As well as the normal Universalis content, we now offer you the possibility of reading some additional books in instalments, as part of any of the Universalis pages.
New feature: The name “Daily Books” isn’t fully accurate any more because you can read a book in weekly instalments as well as daily ones. For instance, you could decide to read “The Mass in Slow Motion” on Sundays after the Readings at Mass page.
Because the instalment format is a perfect discipline. It gives one enough to chew over for each day. It also means that a book won’t be rushed through to get it over with, or abandoned and left unfinished.
The list is growing. At the time this page was written, it included the following:
- “St Francis of Assisi”, by G.K. Chesterton. Chesterton was a writer and journalist, a poet and essayist, and the greatest Catholic apologist of his age. This book sets out to make the saint and his world understandable from the inside and not just as a collection of facts and events. It is also the response of one great soul to another.
- “The Catholic Church and Conversion”, also by G.K. Chesterton. Written two years after his reception into the Church, it has the depth and clarity of all Chesterton's works, but also the freshness of someone who has at last stepped out of narrow places and into open air and freedom.
- “A Retreat for Lay People”, by Ronald Knox. "One way of conducting a retreat," Knox says, "is to take a single idea which will run like a thread through all the meditations and bind them together, make them into a coherent whole. The other is to seize upon an idea here, an idea there, as they occur to you in the intervals of prayer or in the course of reading, work it out there and then, and lay it by for future use. This means that you have a stock-pot of meditations from which you can select the items which seem most appropriate to the occasion. There is room for books which offer a varied menu to the retreatant."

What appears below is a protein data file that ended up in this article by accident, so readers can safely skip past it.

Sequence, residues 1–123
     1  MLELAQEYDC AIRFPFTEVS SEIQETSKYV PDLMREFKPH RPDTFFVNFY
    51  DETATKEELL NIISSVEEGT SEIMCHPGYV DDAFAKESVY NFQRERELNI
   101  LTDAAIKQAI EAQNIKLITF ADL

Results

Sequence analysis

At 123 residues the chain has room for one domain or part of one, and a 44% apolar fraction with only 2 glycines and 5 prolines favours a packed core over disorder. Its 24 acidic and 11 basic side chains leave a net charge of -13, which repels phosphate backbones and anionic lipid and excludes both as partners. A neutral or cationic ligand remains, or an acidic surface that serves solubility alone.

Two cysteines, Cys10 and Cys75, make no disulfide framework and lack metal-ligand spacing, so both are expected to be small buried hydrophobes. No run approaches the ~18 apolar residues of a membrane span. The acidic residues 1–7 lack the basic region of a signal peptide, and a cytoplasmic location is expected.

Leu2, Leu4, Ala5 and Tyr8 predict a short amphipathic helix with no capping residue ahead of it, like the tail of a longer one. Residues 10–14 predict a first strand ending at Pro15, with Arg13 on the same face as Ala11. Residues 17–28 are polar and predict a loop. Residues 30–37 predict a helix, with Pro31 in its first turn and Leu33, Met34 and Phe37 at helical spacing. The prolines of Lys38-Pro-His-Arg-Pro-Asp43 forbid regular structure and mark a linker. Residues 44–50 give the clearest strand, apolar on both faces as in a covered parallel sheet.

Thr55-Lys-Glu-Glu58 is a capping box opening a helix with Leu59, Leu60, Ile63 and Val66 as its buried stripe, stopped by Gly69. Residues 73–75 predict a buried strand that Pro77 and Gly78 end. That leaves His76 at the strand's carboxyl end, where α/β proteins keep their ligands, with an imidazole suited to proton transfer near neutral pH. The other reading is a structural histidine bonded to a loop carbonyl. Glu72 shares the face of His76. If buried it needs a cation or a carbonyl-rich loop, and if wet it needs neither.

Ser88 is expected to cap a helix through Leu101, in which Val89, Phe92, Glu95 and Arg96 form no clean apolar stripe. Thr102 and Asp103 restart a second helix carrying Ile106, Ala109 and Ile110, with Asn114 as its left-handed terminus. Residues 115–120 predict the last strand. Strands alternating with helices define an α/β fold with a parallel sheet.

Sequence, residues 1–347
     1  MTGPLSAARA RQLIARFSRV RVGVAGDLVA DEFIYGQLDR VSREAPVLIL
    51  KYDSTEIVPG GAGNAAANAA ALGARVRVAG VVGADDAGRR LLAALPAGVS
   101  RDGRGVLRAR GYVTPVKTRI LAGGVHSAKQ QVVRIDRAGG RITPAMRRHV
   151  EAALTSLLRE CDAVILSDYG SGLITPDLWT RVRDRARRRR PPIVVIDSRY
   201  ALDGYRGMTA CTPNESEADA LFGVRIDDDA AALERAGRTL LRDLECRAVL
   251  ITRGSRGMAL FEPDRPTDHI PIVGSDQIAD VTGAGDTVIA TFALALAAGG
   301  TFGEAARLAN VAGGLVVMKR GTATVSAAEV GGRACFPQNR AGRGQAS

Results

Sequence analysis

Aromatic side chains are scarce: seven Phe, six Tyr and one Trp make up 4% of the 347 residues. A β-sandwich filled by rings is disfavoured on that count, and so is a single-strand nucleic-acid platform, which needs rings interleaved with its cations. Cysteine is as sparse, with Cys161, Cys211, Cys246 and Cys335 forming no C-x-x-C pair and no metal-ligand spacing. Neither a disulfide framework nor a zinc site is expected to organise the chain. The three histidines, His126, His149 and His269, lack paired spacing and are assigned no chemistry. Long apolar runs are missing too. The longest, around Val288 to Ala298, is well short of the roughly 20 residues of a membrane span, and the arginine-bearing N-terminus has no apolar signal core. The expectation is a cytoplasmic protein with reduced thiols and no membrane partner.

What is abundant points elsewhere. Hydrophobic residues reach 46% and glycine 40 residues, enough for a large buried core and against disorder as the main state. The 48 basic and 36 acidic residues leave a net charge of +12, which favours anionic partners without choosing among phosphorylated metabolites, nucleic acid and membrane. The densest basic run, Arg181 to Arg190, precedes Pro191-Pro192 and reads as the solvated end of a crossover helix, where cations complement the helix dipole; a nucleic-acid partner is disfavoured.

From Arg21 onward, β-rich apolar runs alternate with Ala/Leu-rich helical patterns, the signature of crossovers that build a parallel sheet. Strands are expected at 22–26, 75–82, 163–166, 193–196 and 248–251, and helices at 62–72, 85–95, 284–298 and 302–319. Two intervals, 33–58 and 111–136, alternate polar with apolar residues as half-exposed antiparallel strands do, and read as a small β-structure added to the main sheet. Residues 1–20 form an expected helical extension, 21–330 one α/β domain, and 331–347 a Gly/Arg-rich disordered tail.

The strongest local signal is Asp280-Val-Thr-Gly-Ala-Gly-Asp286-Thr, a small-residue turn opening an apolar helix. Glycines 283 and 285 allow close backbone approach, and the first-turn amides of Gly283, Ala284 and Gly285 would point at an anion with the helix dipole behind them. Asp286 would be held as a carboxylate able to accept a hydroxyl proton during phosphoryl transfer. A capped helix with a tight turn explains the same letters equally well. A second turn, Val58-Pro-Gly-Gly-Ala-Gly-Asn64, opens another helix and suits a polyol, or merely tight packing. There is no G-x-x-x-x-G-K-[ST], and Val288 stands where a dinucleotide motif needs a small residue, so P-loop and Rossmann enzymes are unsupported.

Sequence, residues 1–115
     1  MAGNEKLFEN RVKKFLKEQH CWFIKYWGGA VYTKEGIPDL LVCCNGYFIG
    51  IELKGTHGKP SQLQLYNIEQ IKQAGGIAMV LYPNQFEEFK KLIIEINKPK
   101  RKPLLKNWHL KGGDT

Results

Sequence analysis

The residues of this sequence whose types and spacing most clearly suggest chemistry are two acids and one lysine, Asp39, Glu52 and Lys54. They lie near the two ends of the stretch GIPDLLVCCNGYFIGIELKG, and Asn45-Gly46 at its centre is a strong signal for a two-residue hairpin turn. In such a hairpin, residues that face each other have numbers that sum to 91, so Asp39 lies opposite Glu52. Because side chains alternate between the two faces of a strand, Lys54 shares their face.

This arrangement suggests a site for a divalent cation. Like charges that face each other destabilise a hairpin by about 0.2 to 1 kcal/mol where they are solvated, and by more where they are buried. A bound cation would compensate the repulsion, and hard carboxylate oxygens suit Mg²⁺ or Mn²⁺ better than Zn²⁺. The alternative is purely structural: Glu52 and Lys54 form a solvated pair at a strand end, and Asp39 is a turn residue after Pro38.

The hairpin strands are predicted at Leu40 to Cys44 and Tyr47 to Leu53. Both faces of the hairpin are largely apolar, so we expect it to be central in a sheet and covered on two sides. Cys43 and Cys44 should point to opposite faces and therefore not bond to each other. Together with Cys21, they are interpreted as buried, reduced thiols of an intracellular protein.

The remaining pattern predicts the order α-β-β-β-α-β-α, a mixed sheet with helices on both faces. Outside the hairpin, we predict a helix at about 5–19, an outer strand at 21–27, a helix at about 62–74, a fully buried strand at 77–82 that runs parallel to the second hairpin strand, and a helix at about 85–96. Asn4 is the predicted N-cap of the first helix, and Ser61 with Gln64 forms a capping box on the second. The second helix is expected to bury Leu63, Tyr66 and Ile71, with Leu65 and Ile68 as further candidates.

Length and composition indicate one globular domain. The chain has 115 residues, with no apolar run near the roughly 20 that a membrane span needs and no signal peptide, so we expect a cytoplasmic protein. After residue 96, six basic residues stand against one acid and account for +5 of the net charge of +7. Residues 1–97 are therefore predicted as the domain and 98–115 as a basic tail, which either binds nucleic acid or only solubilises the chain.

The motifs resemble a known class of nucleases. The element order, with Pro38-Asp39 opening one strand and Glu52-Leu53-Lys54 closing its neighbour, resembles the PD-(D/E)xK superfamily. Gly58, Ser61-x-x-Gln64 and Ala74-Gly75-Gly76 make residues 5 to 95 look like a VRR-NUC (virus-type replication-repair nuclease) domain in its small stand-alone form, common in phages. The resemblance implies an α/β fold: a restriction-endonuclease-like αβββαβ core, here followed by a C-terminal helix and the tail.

- “The Mass in Slow Motion”, by Ronald Knox. At the start of the Second World War an entire convent school was evacuated from London and billeted in the house where Ronald Knox was staying and translating the Bible. In an instant Knox became, as well as a retiring scholar and translator, the chaplain to a school of some fifty girls. The Mass in Slow Motion is a series of talks given to those schoolgirls. It presents the Mass as understood from the inside by a man whose life's work is to celebrate it daily to the best of his ability. This book is one of Knox's most neglected works, but also one of his most charming.
- “Resurrection Is Now”, by Dom Aelred Watkin, monk of Downside. Because of the splendid things it says about death this is set to appear on the 30 days of November, but you can reschedule it for any time of year you want. This, and the next book, are reproduced by kind permission of Downside Abbey Trustees.
- “And So to God”, the final book by Dom Hubert van Zeller, monk of Downside. Dom Hubert was a talented artist, a prolific author and much in demand as a retreat-giver, especially in America.
How to set it up
In the menu of the Universalis program for Windows, select the command File > Daily Books.
This shows what books you are already reading, and how far you have got through them.
To choose a book, double-click on it. You will see full details about the book and a box marked “Read this book”. If you decide you want to read this book, turn that box ON, and this is what you will see:
You can now choose which page you want this book to be part of, and whether you want to read it daily or weekly. The possible settings are:
- Daily: A new instalment will appear each day. If you miss a day, you can use the “<” button in the toolbar to move back to the instalment you have missed.
- Weekly: The book will appear on a given day of the week, and a new instalment will appear each week. Again, if you miss an instalment, you can use the “<” button to go back and read it.
- Turn pages by hand: The book will appear each day, but the instalment will never change. When you have finished reading an instalment, you can use the “>” button to move on to the next one.
How it works
Each book instalment is preceded by a toolbar that looks like this:
This lets you go back and forward, and the button in the middle lists all the book’s chapters.
There is another similar toolbar at the bottom.